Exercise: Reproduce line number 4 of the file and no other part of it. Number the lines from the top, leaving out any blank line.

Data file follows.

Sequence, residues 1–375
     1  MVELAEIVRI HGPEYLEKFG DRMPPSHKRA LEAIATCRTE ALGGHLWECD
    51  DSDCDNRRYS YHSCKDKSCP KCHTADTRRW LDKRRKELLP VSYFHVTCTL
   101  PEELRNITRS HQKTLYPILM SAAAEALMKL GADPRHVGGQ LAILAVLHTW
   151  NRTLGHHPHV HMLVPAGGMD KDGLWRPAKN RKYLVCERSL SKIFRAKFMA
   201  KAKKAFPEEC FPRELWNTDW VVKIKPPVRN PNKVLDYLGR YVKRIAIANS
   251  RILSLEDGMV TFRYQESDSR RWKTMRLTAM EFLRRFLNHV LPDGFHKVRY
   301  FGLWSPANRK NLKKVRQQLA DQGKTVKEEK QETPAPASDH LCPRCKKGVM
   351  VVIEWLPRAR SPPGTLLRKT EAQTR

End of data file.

   101  PEELRNITRS HQKTLYPILM SAAAEALMKL GADPRHVGGQ LAILAVLHTW